As for professional sports, you know what, it is great to have dreams, goals, and aspirations. Reach for them, teach your kids to reach for them, but don't teach them that it is the ultimate importance in their world. Teach them that even if they can make the pros, an education is important. Every pro player in every pro sport is one major injury away from not playing anymore. Each of them has the very real chance of being cut, or not picked up. That education would benefit them. They would have other skills in this world besides being an athlete. Show them that you are proud of them for all of their accomplishments, and when they don't do as well as they wanted to. You're still proud of them. There is nothing more important to a child than to know they have made their parents proud. While many might not vocalize that as a child or teen, in later years they will acknowledge it, they will embrace that and carry it with them throughout life. Their time as an athlete might be fleeting, but there's always that small chance that you produced the next Michael Jordan, the next Wayne Gretzky, the next Babe Ruth. Whatever they become, they'll need your support.

References

  1. Centers for Disease Control | Physical Activity Facts | Accessed April 6, 2017, found here: https://www.cdc.gov/healthyschools/physicalactivity/facts.htm
  2. Journal of Clinical Research | Obesity in Children | found here: www.ncbi.nlm.nih.gov/pmc/articles/PMC3005642
  3. WebMD - Diabetes - One in Three Kids Will Develop Diabetes, found here: www.webmd.com/diabetes/news/20030616/one-in-three-kids-will-develop-diabetes#1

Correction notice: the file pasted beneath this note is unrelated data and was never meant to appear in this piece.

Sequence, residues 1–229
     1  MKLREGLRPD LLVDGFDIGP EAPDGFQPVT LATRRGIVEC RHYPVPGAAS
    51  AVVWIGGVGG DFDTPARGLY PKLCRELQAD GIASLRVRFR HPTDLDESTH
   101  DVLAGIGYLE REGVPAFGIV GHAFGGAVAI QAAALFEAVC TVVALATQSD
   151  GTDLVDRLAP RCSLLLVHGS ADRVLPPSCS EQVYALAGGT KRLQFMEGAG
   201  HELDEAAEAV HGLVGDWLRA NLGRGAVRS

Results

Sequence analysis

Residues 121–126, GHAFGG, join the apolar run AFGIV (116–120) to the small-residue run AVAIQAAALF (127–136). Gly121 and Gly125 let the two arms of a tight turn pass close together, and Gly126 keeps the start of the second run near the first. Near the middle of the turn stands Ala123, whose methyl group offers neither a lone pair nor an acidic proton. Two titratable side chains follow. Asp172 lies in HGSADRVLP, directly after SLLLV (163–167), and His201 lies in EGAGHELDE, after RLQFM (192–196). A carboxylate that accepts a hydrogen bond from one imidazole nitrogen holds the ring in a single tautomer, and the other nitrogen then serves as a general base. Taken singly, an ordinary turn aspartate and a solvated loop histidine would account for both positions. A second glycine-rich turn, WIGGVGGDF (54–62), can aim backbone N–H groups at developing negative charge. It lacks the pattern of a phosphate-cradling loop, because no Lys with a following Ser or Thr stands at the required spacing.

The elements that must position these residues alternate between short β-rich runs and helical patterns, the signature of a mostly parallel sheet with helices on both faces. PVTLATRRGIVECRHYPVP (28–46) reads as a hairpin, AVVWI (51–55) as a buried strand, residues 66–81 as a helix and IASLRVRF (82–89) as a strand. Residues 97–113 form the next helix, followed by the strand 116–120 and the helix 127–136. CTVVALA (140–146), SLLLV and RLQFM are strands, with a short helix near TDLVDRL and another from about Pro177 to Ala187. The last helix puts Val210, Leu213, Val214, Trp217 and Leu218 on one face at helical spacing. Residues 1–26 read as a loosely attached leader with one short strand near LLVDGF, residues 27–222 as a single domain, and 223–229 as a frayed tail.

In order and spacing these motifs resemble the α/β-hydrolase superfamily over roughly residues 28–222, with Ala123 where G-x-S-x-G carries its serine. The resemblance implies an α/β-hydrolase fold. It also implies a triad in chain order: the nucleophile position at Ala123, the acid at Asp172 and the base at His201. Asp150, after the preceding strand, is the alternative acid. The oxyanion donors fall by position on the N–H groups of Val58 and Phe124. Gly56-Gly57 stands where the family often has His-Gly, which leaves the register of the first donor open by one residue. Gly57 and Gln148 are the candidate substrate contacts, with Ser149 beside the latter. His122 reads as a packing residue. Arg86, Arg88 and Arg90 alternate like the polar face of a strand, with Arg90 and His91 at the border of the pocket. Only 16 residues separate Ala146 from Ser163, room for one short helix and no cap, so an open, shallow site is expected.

4. University of South Carolina Department of Exercise Science, Pate, RR, et al, found here: https://www.ncbi.nlm.nih.gov/pubmed/10980794
  5. Journal School of Health - High School Youth and Suicide Risk - Taliaferro LA, et al, found here: https://www.ncbi.nlm.gov/pubmed/18808474
  6. Adirim TA1 Cheng TL - Overview of injuries in the young athlete - found here: https://www.ncbi.nlm.nih.gov/pubmed/12477379
  7. Johns Hopkins Medicine - Sports Injury Statistics - found here: www.hopkinsmedicine.org/healthlibrary/conditions/sports_injury_statistics_90,p02787/
  8. Breunner CC - Avoidance of burnout in the young athlete (PDF) found here: http://m3.wyanokecdn.com/323aa3517529315a4996ceaceaa9a1e7.pdf
  9. MLB Draft Tracker 2016 found here:

    http://m.mlb.com/draft/tracker/

© 2017 Sherrie Weynand

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    • Debangee Mandal profile image

      DEBANGEE MANDAL 4 months ago from India

      Informative and sporting . Thanks for sharing.

    • Debangee Mandal profile image

      DEBANGEE MANDAL 5 months ago from India

      Wonderful piece. Parents are nowadays expecting too much from their kids. Good topic to be shared and discussed. Very informative ! Well written.

    • Ashish Dadgaa profile image

      Ashish Dadgaa 5 months ago

      @Sherrie,

      Wow, Sherrie. Excellent piece of work. I really loved the way you have drafted this hub. I would say yes we are pushing too hard to our kids. If anyone asks why? I would say because of a peer competition.

      Wonderful work.